The overture swiftly shifts to dramatic music, both tensely animated and gravely majestic. The first singing is some mourning yet forceful dirge, a call for future struggle and freedom, a successor to dead Mattathias. The story is told by an Israelian man and an Israelian woman: the man is a mezzo-soprano and the woman a soprano. A very feminine story telling though the mezzo-soprano expresses some deep nearly subterranean contradiction, the frustration of captivity, the death of a leader, the still unclear future. The chorus says it all: "With words that weep and tears that speak", beautiful double metaphor and oxymoron. Simon taking over the recitative gives a male profundity to the call and the next aria of the Israelian woman balances the vision between somberness and hope, the hope of salvation from God. The binary style of the language is Shakespearian and very effective when amplified by the music: "And Grant a leader bold and brave, If not to conquer, born to save" And the ternary language of the coming fight is disruptive, as it should be: "In defence of your nation, religion and laws". The whole British nationalism and state of law invested in that religious opera. And this ternary language is amplified at once by Judas Maccabaeus: "Call forth / thy pow'rs, / my soul, // and dare // The con- / flict of un- / -equal war." And this double ternary period (articulated on a in-between iamb) is of course Solomon's number, a basic Jewish symbol, a basic symbol of the greatest British literature and art, the disruption brought by the fight for freedom, a success-bound fight borne by courage, longing and devotion. And this Jewish symbolism is then amplified by the Israelian woman who gives a recitative, then a first aria and a second aria, and the Israelian man comes with a recitative, an aria, and a duet of the two to close up the symbolism. And this long moment in the opera is dedicated to "liberty", introduced as "sweet liberty" by Judas and then amplified by the two Israelian man and woman as "ever-smiling liberty" and five mention of this liberty which makes six with Judas's, thus endorsed by the Israelians as their champion, and blessed by a quadruple binary chorus: "Lead on, / lead on! // Judah / disdains /// The gal- / -ling load // of hos- / -tile chains." That quadruple binary pattern is absolute equilibrium in Shakespeare, and it makes an octagon, the symbol of the resurrection and second coming of Jesus Christ. Handel is a perfect Shakespearian who turns Shakespeare's linguistic music into pure music. The second act starts with a music that is so powerful we know the expected miracle has taken place and that music is based on the hyper dynamic rhythm of a trochee followed by an iamb creating a maelstrom with the inversion of stresses de-multiplied by the music itself. The victory was won and everyone is celebrating it and the newly re-conquered liberty. Handel takes some fine deep pleasure at playing on some iambic rhythm like in Judas's mouth "How vain is man, who boasts in fight" and his playing on the irregularity of the next line makes it great though imperfect: "The valour of gigantic might!" His musical emphasis on "gan" rebalances the uneven rhythm that could only be saved into iamb-anapest-anapest by moving the stress onto "gi", which he refuses to do. The music salvages a bad line and makes it hyper-powerful. That's when he brings the Messenger to announce the bad news of the counter attack of the Egyptians. This moment is crucial in the opera and Handel had kept the male alto in store for it. That male alto brings a voice that stands at odds with all others and that brings the bad news. Simon adds some more musical magic in his aria when he transform the bad line "His glory to raise", iamb-anapest, into a heroic moment. But he can also make a prodigy with a triple binary line like: "and call the brave, // and on- / -ly brave, / around" which is a perfect Solomon's number leaning on the quadruple first half. We get both the balance of the iambic rhythm and the tremendous dynamism of that triple iambic rhythm, a dynamism that leads directly to a military mobilization against the new attack. The second act comes to an end with a declaration of faith in God both extremely powerful and joyful as if the faith in God of the Israelians was able to bring anyone through any challenge. But the third act starts with restraint that also sounds like somber depth, the depth that comes from the consciousness of being one with God and his creation, emphasized by the somber mezzo-soprano voice. The battle is raging and they are expecting the good news of course any time and dreading the bad one any time too. It is the male alto voice of the messenger that brings the news, and it is good. The voice expresses so well the break in the fabric of history and the relief of the people. The celebration of the victory is very tamed and even docile in a way with solos, duets and choruses on joyful airs but with no ostentation, at most a few blaring moments of trumpets and drums, slightly more triumphant towards the end. Judas will bring the real formula of that victorious heroism: Eleazar who "triumph'd in a glorious death". This is nearly a cliché in English culture with Nelson as the archetype of that hero for two centuries. The final touch is given by the representative of Rome who brings the support of the Senate, thus completing the victory. And the opera closes on some praise of the victory but maybe slightly too mundane and too contained and moderate.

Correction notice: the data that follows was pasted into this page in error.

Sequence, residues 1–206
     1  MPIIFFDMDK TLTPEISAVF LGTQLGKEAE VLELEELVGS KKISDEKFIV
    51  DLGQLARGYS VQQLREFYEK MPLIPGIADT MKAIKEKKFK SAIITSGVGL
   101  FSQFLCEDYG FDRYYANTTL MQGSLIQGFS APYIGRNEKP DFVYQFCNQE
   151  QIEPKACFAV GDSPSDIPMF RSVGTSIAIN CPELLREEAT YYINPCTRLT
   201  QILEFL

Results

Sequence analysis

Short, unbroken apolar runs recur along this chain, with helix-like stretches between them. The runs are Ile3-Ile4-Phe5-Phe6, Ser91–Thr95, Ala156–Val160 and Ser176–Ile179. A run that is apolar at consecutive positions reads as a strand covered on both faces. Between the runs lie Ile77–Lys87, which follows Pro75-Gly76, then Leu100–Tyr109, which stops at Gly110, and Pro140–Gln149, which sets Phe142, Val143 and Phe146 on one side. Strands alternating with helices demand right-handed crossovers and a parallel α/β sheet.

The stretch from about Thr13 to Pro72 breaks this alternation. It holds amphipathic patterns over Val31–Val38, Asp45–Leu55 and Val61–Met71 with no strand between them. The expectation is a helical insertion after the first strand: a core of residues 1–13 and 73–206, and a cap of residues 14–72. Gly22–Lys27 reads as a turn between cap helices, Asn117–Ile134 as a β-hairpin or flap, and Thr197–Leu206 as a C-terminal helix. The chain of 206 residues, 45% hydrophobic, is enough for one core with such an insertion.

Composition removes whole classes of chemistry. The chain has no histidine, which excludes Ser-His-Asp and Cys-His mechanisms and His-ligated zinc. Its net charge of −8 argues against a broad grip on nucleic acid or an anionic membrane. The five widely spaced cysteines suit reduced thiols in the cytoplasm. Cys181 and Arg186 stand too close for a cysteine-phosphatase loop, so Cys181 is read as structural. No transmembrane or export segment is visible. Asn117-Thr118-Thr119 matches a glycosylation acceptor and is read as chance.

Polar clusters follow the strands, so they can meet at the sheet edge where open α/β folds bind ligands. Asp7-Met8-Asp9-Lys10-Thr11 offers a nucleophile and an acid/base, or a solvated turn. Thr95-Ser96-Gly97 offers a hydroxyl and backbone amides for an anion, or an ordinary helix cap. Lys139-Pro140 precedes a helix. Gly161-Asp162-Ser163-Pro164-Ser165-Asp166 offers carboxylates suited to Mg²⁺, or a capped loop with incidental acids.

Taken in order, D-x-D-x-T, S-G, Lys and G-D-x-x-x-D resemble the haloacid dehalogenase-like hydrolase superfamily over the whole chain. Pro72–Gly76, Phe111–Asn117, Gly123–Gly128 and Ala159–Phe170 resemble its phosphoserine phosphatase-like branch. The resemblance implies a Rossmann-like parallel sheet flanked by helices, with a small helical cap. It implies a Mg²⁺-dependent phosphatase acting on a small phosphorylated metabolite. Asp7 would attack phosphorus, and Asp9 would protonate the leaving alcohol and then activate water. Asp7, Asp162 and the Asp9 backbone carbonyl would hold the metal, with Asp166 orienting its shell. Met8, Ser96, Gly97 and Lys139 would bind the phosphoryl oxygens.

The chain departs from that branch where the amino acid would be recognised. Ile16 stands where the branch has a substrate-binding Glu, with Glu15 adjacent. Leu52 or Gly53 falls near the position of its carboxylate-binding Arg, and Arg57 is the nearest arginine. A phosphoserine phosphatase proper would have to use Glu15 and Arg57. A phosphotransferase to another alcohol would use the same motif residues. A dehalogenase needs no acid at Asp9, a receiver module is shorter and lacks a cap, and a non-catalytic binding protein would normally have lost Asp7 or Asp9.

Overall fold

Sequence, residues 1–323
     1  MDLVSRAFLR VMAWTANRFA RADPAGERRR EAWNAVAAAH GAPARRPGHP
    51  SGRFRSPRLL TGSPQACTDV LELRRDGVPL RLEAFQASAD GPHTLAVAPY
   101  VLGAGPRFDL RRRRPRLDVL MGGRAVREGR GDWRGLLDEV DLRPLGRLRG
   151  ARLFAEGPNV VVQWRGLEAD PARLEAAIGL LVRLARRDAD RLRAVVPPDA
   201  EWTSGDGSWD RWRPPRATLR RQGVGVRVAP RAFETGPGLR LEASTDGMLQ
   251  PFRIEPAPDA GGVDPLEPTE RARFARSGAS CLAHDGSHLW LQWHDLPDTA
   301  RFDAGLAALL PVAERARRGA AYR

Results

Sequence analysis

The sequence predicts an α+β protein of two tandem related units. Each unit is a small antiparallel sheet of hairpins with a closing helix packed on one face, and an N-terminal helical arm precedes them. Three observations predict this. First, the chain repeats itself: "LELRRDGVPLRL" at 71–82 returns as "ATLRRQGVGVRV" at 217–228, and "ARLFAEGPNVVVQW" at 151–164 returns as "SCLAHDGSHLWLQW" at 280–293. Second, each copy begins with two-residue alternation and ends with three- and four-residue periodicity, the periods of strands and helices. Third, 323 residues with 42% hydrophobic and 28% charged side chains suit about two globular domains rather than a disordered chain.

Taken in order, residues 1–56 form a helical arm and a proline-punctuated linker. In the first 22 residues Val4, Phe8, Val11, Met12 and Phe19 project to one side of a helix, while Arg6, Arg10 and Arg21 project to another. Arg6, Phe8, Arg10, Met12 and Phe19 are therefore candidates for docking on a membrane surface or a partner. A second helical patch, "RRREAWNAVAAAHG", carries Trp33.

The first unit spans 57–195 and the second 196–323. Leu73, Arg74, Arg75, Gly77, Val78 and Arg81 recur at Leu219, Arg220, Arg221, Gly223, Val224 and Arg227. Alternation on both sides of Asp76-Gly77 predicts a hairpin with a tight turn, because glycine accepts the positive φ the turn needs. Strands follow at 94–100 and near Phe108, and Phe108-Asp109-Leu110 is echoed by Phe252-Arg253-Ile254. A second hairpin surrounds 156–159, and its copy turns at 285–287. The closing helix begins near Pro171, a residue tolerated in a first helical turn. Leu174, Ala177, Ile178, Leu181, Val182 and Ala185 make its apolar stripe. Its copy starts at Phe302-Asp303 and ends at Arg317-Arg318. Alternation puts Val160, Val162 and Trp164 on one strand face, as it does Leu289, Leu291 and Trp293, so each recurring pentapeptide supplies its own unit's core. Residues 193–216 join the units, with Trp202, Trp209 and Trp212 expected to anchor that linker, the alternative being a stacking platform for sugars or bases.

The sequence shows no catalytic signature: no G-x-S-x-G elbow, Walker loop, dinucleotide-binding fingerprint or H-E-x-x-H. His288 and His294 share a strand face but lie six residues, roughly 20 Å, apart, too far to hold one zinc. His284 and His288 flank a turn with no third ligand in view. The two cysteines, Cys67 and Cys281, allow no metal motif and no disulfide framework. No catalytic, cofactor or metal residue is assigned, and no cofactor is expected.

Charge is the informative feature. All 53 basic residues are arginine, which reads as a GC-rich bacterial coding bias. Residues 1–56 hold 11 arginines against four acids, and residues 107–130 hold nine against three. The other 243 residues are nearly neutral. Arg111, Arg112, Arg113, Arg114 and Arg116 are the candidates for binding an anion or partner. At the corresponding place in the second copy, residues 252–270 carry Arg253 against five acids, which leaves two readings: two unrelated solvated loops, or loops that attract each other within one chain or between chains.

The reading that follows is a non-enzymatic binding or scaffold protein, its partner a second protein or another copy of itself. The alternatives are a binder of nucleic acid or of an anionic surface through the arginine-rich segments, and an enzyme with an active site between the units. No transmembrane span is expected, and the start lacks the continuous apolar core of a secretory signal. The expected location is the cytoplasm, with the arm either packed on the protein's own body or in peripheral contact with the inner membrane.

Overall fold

Dr Jacques COULARDEAU, University Paris 1 Pantheon Sorbonne, University Paris 8 Saint Denis, University Paris 12 Créteil, CEGID